Scores of decaying bodies were being taken to mass graves beginning on Thursday as overwhelmed Philippines authorities grappled with disposal of the dead and the living begged for help after the typhoon disaster.
The arrival of the USS George Washington, a huge aircraft carrier with 5,000 sailors aboard, offered some hope for the hungry and thirsty left to roam the ruined city of Tacloban.
But almost a week after Typhoon Yolanda (Haiyan) swept through the country’s central islands, crushing settlements and laying waste to an already poor area, the stench of putrefying flesh hung heavy in the air.
By mid-morning, some of the 200 corpses that had been lined up side-by-side at a local government building had been placed at the bottom of a huge pit expected to be several layers deep by the time it is covered over with earth.
“There are still so many cadavers in so many areas. It’s scary,” said Tacloban Mayor Alfred Romualdez, adding that retrieval teams were struggling to cope.
“There would be a request from one community to collect five or 10 bodies and when we get there, there are 40,” Romualdez told Agence France-Presse, saying that aid agencies’ response to the increasingly desperate crisis had been too slow.
Sick or injured people lie helplessly among the ruins of buildings, while those with the energy try to leave a place that resembles hell.
‘Fear and depression’
Efren Nagrama, area manager at the civil aviation authority, said conditions were “very dire now” as he surveyed the filthy stream of humanity at Tacloban’s battered airport clamoring to get a flight out.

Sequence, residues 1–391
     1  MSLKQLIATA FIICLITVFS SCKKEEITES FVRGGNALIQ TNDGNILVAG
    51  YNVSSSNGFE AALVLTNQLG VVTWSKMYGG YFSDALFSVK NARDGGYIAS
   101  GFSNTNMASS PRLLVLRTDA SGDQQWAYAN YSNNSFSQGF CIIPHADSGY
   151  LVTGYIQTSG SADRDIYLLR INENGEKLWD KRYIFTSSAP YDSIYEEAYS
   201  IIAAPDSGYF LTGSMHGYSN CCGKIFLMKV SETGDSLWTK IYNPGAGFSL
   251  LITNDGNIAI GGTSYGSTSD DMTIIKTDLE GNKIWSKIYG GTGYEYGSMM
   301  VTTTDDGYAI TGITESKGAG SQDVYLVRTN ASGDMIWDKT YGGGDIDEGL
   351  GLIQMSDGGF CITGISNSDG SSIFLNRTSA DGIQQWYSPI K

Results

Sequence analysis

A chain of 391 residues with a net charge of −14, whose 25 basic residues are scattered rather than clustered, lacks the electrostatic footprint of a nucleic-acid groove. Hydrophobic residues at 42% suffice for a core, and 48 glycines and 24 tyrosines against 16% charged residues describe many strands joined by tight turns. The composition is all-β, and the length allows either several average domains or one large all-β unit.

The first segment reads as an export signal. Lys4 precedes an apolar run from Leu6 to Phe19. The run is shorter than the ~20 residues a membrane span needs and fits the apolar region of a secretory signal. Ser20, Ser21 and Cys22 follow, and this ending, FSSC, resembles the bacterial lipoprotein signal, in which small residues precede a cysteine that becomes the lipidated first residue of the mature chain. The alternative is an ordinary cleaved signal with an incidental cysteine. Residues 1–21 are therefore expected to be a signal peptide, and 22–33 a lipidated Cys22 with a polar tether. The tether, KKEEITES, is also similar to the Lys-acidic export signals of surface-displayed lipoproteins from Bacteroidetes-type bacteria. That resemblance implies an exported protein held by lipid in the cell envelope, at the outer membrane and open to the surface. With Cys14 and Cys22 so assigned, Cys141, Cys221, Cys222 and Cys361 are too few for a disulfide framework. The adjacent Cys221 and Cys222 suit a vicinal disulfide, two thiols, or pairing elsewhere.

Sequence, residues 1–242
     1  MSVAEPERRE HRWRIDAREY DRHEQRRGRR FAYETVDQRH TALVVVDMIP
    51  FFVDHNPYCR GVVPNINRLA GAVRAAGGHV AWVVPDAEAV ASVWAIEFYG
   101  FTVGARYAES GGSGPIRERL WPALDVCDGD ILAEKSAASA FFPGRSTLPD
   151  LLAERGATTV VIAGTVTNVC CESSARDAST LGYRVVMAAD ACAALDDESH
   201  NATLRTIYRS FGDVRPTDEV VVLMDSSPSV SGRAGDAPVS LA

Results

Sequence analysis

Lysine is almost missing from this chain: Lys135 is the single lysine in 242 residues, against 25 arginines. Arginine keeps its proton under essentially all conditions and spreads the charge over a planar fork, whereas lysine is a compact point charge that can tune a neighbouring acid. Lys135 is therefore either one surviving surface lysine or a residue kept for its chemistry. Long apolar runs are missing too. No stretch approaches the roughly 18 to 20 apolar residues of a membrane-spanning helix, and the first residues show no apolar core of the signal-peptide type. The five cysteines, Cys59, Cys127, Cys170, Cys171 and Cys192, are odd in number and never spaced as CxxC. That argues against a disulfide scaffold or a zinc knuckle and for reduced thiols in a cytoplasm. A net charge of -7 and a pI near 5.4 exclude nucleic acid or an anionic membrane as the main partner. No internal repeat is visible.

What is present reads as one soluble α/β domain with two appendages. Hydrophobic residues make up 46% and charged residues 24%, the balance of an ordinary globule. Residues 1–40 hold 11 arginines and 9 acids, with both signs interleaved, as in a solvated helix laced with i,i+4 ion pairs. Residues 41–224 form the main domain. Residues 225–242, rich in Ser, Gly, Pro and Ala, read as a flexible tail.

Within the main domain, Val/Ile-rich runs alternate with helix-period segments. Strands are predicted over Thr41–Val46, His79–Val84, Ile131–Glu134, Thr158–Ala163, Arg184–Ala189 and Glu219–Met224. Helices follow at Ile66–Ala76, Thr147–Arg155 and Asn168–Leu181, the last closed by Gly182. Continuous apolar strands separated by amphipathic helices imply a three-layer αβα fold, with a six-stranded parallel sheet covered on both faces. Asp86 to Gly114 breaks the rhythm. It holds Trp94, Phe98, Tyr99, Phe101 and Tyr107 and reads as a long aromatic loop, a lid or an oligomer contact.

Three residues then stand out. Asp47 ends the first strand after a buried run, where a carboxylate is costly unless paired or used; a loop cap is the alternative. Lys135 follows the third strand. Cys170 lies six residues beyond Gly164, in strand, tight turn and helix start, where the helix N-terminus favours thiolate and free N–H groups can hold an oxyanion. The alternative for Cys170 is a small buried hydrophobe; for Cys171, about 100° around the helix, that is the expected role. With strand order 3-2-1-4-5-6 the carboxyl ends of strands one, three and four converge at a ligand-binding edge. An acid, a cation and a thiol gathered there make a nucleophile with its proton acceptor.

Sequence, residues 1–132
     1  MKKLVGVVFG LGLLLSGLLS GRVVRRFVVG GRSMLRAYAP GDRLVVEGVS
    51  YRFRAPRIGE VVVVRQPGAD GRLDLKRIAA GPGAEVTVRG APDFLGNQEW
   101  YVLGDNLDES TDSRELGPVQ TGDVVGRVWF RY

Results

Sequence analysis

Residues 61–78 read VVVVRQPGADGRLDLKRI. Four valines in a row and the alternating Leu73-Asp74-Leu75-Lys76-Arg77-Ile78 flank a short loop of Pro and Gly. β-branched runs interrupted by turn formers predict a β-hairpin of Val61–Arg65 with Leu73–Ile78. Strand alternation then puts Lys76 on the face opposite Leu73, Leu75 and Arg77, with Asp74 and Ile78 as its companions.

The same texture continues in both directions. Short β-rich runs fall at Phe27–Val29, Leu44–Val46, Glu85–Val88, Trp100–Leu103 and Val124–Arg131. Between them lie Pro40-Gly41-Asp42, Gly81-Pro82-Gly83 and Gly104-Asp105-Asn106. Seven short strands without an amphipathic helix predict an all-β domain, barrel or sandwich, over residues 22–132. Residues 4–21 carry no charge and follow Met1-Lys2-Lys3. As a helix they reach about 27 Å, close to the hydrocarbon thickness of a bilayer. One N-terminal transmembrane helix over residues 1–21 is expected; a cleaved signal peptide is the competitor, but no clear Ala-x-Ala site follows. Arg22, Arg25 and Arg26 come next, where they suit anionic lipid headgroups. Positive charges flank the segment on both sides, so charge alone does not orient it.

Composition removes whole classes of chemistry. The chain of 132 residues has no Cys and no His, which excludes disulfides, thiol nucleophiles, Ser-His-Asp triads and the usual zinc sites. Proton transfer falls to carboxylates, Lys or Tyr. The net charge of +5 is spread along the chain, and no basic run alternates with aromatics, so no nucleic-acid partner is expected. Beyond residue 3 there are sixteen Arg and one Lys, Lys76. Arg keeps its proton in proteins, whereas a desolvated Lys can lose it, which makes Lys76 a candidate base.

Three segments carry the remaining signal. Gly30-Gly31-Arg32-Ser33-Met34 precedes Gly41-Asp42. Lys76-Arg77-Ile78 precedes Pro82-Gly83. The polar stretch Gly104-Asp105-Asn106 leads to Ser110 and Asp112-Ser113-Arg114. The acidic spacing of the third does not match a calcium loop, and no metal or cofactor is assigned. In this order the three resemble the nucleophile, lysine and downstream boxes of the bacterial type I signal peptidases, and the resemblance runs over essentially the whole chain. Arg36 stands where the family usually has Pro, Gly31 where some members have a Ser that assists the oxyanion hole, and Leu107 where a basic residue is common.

“You see hundreds coming to the compound every day. People who have walked for days without eating, only to arrive here and be made to wait for hours or days under the elements,” he said.
“People are pushed to the tipping point—they see relief planes but cannot get to the food nor get a ride out. There is chaos.”
Romualdez said the people of Tacloban needed an “overwhelming response” from aid organizations and the government.
“We need more manpower and more equipment,” he pleaded.
“I cannot use a truck to collect cadavers in the morning and then use it to distribute relief goods in the afternoon,” he added.
“Let’s get the bodies out of the streets. They are creating an atmosphere of fear and depression.”
City officials estimate that they have collected 2,000 bodies but insist many more need to be retrieved. The UN fears that 10,000 people may have died in Tacloban city alone, but President Benigno Aquino 3rd has described that figure as “too much”.
While the retrieval operation gets going, there are growing fears for the health of those who survived.